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Sarpatta Parambarai Review: The Finest Pugilistic Film India Has Made!



Sarpatta Parambarai

Amazon’s  Sarpatta Parambarai Probably  The  Finest  Pugilistic  Film  India Has Made

Sarpatta Parambarai (Tamil, Amazon Prime)

A young man from the Black Town of 1970’s segregated Madras finds himself with the opportunity to redeem his boxing clan and himself from years of defeat. Can he do it? Will he be allowed to?

Rating: ****

Sarpatta Parambarai Review:  If we overlook one  glaringly fractured  episode  in  the narrative, Sarpatta Parambarai is probably  the  finest  film on  the rise , fall, and redemption of a  boxer that we’ve seen  in Indian cinema.

 And   I don’t see  anyone coming close to bettering that score for a very long time. Though boxers  and  boxer shots  run through the course  of the  3-hour Sarpatta Parambarai  there is  none of  that posturing in the  ring  for the hero. For a  sports film this one is  refreshingly  liberated  of self-congratulation.

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Instead Murali G’s camera envelopes  the characters into a kind of  cloistered  kinship  based on ancestral  pride and the sporting spirit. Not much  of  the latter is visible as Kabilan(Arya) climbs  out of his  junior artiste’s destiny  in the pugilistic hierarchy to  become  the local  champ. Jealous elements  don’t hide their  lack of grace in this film. They are , what they. What we see is what what get. And  what we get is a  deeply satisfying,  courageous  and humane  story  which  we will carry with us for  a very long time.

 The  story is set in North Chennai during the  1970s when  a state  of  Emergency was declared  across  the country.  Tamil Nadu  stubbornly maintain  its autonomy  . The politics  of the region serves as  a  solid backdrop for  the  clashes that happen in the  boxing ring when all  pretence  of decency is  abandoned as  the fighters get down to basics, hurling verbal and physical blows  in a show  of  crass sportsmanship that the  Sarpatta Parambarai’s mood captures and reifies  brilliantly  in  its characters’ restless energy,none more so than  Kabilan.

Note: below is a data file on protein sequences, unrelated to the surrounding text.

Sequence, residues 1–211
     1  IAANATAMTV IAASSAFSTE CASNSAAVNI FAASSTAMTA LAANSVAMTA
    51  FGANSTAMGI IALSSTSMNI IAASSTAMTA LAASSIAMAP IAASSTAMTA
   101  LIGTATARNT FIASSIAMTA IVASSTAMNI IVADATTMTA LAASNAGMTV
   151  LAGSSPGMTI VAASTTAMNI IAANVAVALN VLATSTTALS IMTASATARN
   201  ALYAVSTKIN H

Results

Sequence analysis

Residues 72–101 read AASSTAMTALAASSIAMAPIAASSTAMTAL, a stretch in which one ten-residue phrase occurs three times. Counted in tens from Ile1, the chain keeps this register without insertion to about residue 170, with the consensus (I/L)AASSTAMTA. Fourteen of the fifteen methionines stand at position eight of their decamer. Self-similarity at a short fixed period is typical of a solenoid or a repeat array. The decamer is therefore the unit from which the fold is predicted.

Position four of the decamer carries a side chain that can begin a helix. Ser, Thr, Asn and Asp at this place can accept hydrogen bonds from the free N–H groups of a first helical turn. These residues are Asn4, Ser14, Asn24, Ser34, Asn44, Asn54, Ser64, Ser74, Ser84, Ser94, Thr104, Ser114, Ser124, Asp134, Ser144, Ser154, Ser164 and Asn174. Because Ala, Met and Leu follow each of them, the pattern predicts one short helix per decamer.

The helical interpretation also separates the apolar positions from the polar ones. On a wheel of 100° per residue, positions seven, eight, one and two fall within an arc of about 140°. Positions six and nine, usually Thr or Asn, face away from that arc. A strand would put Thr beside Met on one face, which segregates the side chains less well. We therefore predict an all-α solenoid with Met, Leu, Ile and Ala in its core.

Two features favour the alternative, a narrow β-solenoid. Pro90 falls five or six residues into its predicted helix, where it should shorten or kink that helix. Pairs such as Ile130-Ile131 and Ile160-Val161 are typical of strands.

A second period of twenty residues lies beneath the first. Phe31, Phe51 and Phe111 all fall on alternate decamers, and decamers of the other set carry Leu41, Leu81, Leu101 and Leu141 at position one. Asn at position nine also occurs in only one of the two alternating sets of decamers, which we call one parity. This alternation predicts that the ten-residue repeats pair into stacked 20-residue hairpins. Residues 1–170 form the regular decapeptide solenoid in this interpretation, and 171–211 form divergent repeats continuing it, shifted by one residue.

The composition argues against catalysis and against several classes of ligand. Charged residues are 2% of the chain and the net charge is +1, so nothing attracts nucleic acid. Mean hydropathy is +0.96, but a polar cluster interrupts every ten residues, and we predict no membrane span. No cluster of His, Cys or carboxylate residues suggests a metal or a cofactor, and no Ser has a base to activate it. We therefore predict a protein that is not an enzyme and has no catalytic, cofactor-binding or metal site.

In  the  author-backed role of KabilanArya is a  revelation. I’ve seen his earlier  works. Nothing  he has done  in  the past  can ever equal the power  and  glory  the  self-destructive  streak and  the  redemptive strength  that pull  his character  out  of his  self-made abyss into a tentative light  at the end when in the final fight in the ring, he defeats his main adversary.Wife  and  mother who hate  his boxing ambitions are there to cheer him on.The power  of cinema is  to  sway and  derail  negative emotions.

Also Read:  Mahesh Babu Slays It In Sarkaru Vaari Paata

One  of  the  many unadulterated  pleasures  of watching Sarpatta Parambarai is to see  Kabilan’s  absolutely endearing relationship  with his  wife. As  Mariyamma, Kabilan’s  wife  Dushara  Vijayan is  a  firecracker, reducing her  athletic  husband to a cowering whining figure with her possessive affections. Pasupathy as Kabilan’s coach is  intimidating in  his selfrighteous fury. One minute dismissing Kabilan as  a wastrel with one flick of his  wrist, massaging his  injured protégé’s hand the  next.

If  the  husband-wife relationship rings true, the guru-shishya  tradition is here  taken into a zone  of  insulated  adoration where  the  protégé  hero-worships his  guru  blindly. Arya  manifests all the roles and emotions  of his character with  majestic  authenticity and an empowering rawness. He is  childlike in his  stubbornness and  a  true hero in his  selfless  quest for  victory  in  the  boxing ring.

Pa Ranjith  loves to shoot mob rage. This ,we’ve seen in his earlier(far inferior) works like  Kabali and Kala.  In  Sarpatta Parambarai rival factions confront one  another in the ring and on  the streets with a corrosive disregard for  decorum. The narrative  shows  a thin  line dividing the sportive spirit from  criminal  activities. It  hops and skips  between  rage  and compassion, abandoning neither emotion  long  enough  for us  or the characters  to get comfortable  in the  other  emotion.

I have a  major  quibble with the way  writer-director Pa Ranjith  rush-speeds  through the  episode which shows  Kabilan’s descent into  an alcoholic mess. The  graceless  rush is obviously to cut down on the playing time which is  close to three hours. But it jars.

The  period  drama  never jars.  The political mood  of the  1970s and the  sartorial and  linguistic  norms  of  the era  are  never pushed into  the  narrative.  Everything flows organically  in the script. Everything   is  just right most of  the way. Arya  and  Pa Ranjith  have much to be  proud of.

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